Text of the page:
Most refugees from Iraq were forced to leave their homes after the militant group ISIS invaded the region. ISIS began to infiltrate Iraq in 2014, creating a large-scale humanitarian crisis in the region. Since then, ISIS has gained control of some of the largest cities in the country and has caused 3.4 million individuals to be uprooted from their homes.
Increasing numbers of displaced persons are fleeing war-torn regions of Iraq, and in response to the crisis, international organizations are rallying to provide relief. Ahead are 10 facts about refugees from Iraq.
- Many Iraqis are internally displaced and have relocated to safer parts of the country. Around 850,000 Iraqis have fled to the Kurdish region of Iraq, where 250,000 Syrian refugees are already living. Many people now live in displacement camps with access to emergency supplies and medical care.
- Nearly 16,000 Iraqis were forced into Syria, where ISIS is also controlling various regions of the country. Many refugees pay smugglers to lead them on dangerous and exhausting journeys across ISIS territory.
- Mosul, the second-largest city in Iraq, remains in the hands of ISIS. Around 500,000 people may be trapped in the western part of the city with minimal or no access to necessary aid. Those who live in the eastern part of Mosul are living in dangerous conditions as well and will also face the challenge of entirely rebuilding their lives.
- In October 2016, a military operation began to free the city of Mosul from ISIS control. Even if the operation is eventually successful and Mosul is retaken from ISIS, mines and other explosive devices will remain scattered throughout the city. This will prevent many refugees from returning home safely.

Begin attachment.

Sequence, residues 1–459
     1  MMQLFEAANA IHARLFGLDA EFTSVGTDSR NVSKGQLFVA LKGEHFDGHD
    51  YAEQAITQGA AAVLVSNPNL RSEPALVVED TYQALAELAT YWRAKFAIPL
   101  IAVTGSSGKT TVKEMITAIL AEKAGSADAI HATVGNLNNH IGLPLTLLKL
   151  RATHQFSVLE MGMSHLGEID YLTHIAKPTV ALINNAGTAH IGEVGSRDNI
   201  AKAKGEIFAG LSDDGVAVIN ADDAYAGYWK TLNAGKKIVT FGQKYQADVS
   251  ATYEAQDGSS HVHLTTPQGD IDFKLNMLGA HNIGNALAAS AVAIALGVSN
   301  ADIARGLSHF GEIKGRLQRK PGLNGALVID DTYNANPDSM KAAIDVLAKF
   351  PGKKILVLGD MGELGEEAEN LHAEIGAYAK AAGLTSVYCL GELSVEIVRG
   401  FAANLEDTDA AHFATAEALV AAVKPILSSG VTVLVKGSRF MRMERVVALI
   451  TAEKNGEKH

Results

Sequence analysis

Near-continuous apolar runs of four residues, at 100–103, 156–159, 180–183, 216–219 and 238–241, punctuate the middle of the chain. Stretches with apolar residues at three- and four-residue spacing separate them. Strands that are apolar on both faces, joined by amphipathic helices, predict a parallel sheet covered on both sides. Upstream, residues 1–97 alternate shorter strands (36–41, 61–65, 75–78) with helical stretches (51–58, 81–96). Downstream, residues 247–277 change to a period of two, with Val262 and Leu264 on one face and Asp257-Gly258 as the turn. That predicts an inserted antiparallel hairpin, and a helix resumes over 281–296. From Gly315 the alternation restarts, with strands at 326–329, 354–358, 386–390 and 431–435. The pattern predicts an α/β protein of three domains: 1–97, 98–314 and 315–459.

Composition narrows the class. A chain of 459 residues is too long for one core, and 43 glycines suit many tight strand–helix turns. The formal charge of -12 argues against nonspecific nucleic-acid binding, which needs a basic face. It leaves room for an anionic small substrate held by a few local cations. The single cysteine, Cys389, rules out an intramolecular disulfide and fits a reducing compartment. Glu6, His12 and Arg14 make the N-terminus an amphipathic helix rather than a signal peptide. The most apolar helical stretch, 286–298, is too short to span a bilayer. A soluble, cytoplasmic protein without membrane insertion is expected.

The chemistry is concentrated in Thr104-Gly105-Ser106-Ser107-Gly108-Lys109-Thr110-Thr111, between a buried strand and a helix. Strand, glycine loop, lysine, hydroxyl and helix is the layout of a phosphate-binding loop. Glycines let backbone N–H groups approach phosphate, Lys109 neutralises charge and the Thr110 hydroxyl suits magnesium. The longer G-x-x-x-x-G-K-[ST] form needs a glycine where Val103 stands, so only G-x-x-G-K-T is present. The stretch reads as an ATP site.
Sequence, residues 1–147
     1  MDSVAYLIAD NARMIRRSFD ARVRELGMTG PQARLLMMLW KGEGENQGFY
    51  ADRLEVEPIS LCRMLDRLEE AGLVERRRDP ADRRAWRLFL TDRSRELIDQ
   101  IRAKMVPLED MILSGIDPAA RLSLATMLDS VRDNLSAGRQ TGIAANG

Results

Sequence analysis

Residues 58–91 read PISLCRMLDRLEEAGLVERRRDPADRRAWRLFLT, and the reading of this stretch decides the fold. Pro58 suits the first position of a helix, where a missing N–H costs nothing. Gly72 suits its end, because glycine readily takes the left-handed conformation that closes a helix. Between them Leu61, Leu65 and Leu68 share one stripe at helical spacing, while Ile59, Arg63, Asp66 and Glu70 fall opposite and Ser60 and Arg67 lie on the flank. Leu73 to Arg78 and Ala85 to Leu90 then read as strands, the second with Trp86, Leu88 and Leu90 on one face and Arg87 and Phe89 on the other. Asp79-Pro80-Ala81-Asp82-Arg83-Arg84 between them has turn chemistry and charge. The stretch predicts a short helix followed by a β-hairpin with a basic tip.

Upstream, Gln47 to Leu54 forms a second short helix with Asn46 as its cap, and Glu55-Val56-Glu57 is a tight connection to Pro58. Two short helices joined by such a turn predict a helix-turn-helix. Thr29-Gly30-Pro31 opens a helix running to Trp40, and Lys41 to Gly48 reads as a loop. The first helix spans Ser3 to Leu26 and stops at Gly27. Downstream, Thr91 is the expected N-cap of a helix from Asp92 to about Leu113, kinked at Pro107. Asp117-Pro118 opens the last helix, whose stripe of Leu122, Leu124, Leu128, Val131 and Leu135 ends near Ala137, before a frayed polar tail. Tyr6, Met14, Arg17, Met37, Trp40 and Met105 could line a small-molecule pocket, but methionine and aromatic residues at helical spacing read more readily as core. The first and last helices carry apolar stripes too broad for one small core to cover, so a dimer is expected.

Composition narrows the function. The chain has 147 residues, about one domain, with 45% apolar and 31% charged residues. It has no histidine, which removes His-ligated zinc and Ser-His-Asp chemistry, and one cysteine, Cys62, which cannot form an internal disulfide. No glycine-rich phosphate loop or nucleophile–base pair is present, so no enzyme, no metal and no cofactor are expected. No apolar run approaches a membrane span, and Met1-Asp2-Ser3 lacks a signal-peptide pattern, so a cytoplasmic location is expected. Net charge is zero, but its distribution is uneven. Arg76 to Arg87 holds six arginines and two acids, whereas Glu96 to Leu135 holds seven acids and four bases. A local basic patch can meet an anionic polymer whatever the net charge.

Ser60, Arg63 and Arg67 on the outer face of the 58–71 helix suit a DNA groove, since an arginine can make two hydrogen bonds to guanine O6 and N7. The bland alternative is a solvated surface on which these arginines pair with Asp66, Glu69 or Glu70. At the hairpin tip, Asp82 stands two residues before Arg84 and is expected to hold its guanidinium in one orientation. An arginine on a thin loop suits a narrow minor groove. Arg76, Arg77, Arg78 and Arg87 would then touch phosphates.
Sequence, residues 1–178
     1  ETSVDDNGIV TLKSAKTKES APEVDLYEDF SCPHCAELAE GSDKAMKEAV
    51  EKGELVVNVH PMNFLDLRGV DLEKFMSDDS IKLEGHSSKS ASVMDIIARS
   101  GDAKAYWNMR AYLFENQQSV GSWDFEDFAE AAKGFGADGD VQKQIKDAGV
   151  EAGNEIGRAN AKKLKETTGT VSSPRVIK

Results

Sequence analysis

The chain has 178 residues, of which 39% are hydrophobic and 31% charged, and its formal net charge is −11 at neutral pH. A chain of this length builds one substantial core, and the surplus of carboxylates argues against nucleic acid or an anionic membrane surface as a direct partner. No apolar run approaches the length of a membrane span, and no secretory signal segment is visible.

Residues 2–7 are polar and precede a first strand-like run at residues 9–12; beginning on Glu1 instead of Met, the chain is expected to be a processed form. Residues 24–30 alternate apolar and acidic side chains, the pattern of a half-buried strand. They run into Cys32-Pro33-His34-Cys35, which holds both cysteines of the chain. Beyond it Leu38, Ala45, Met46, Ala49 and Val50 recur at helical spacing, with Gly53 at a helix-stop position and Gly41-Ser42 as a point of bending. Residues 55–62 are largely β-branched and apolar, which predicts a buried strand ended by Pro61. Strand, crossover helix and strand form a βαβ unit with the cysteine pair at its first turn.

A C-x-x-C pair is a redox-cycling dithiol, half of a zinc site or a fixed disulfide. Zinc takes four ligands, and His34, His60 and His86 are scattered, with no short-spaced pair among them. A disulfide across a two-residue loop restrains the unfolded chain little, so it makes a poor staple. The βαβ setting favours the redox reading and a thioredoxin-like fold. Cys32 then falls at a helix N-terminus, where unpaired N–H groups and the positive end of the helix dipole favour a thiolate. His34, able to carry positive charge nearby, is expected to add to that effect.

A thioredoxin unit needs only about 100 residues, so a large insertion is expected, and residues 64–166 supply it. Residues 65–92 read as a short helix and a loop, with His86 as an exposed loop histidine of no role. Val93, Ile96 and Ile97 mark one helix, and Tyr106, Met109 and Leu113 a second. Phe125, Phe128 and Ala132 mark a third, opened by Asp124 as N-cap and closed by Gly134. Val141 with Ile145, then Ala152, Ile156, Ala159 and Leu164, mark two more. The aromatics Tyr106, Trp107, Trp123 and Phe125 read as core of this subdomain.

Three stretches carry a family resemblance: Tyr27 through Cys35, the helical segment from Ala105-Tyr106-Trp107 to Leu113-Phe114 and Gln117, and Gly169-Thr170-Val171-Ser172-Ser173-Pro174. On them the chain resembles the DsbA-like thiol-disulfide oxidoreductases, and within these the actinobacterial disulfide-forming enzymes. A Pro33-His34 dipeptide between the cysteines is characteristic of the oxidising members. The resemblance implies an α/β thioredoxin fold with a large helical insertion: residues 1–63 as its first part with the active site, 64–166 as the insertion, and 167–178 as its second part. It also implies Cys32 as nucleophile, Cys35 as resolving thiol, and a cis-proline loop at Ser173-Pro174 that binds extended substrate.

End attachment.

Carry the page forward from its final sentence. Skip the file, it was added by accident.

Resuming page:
- In addition to food and shelter, many Iraqi refugees require trauma counseling and medical care. ISIS has imposed severe restrictions on the individuals who live in the regions it controls. People are left without jobs and struggle to meet their basic needs. Numerous religious buildings and heritage sites have also been destroyed.
- The International Rescue Committee (IRC) provides relief to vulnerable Iraqis. It provides counseling to women and girls, gives monetary aid to displaced families and provides business training to Iraqi youth in camps.
- The World Bank plans to offer Iraq financial support for reconstruction efforts after ISIS is defeated. The organization will also focus efforts on rebuilding the social fabric of the country upon the return of refugees. In December, the World Bank approved a loan of $1.485 billion to Iraq.
- In 2016, the United Nations International Children’s Emergency Fund (UNICEF) provided immediate relief to more than 118,000 people in Mosul. They also gave more than 156,000 people in the area access to safe water and vaccinated more than 13,500 children against measles. The organization plans to continue these efforts in 2017, with a goal of providing 1.3 million displaced persons with relief kits within 72 hours of a trigger for response.
- The International Organization for Migration (IOM) partners with local authorities in the Kerbala and Najaf governorates of Iraq to meet the needs of internally displaced persons. It provides medical and mental health services at camps in the region. In 2016, the organization oversaw the refurbishment of three schools and a water network benefiting 8,2000 individuals.
- Refugee camps run by the United Nations Higher Commission for Refugees (UNHCR) will have increasing space as displaced persons begin to return to east Mosul. In camps near the city, there are more than 4,000 family plots available for new arrivals. UNHCR plans to develop additional facilities and plots as need increases.
Though the situation of many refugees from Iraq is bleak, hope remains. Organizations are working to provide relief to those displaced by the conflict. The fight to return ISIS-controlled regions of Iraq to their people will continue.
– Lindsay Harris